• For discussion: What is, or could be, the “thing” referred to in “something”? (How) Do possible interpretations change between the first and second occurrences of the line?
  • For discussion: Another line repeated in the poem is the adage “good fences make good neighbors.” What are the possible meanings of the adage? What does this adage mean to the speaker? What does it mean to the neighbor? 
  • For discussion: Why does Frost choose to repeat both “good fences make good neighbors” and “something there is that doesn’t love a wall”? How does repetition support ambiguity? What is the relationship between the two statements?
  • For discussion: What are other examples of ambiguity in the poem? How does ambiguity develop and reveal the themes of the poem? To what extent are the moments of ambiguity unresolvable?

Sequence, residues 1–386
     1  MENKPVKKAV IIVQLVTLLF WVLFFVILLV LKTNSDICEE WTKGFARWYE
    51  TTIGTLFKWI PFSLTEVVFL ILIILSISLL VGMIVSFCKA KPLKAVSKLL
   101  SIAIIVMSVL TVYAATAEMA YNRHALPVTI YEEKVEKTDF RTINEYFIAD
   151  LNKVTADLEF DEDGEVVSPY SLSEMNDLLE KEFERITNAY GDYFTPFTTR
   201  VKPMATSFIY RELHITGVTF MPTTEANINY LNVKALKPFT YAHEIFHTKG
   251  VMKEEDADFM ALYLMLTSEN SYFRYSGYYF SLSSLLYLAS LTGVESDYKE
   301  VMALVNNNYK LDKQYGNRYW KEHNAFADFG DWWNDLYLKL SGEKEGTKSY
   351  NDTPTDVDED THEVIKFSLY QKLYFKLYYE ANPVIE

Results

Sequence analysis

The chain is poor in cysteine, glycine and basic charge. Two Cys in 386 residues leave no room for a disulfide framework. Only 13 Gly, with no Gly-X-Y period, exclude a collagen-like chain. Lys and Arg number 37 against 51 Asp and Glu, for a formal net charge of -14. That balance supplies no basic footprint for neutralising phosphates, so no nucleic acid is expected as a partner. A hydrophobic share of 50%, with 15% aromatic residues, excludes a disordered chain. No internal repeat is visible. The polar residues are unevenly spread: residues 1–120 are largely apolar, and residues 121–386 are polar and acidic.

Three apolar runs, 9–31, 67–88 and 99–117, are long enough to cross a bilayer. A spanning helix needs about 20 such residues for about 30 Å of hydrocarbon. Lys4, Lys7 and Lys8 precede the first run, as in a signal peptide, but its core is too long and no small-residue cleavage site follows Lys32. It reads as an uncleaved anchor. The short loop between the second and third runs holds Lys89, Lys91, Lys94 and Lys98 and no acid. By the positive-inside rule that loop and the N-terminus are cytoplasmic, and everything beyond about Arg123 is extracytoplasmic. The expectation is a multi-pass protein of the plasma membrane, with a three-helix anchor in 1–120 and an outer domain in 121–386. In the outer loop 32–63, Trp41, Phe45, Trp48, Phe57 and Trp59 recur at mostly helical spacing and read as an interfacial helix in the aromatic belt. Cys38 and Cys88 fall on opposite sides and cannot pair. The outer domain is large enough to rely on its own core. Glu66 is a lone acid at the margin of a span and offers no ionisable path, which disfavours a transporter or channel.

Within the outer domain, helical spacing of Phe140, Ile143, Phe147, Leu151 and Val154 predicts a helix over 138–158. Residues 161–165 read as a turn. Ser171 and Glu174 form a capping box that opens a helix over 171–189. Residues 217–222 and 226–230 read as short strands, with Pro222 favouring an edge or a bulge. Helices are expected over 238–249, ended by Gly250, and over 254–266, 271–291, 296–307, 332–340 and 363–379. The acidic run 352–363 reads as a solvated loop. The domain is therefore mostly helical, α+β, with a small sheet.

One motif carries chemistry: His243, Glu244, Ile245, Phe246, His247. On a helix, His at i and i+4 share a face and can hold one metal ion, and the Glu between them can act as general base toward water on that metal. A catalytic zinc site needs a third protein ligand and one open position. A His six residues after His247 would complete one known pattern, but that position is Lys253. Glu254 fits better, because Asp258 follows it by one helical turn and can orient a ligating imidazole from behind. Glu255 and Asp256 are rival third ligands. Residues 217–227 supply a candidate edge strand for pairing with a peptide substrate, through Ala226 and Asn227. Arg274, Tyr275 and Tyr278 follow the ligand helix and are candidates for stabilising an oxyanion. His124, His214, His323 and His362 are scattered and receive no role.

• For discussion: How does your experience of reading the poem change when you try to resolve its ambiguity? Are its themes more or less accessible to you through that approach? Why or why not?

Tricky Issues to Address While Teaching

The Poem Contains Ambiguity and Nuance: In “Mending Wall,” layers of significance underlie the apparent situation and story. Parsing those deeper layers—the meaning of the wall, the nature of the tension between the two characters—can be challenging for students.

  • What to do: Drawing on the Teaching Approaches for inspiration, guide students into conversations about the themes and meanings at play beneath the poem’s surface.

The Poem’s Form is Unfamiliar: “Mending Wall” may present an unfamiliar form to some students. It is a lyric poem, but it uses colloquial diction and phrasing. It aligns to a traditional verse form, but the cadences are often prose-like and conversational. At a formal level, students may not know what to make of “Mending Wall.”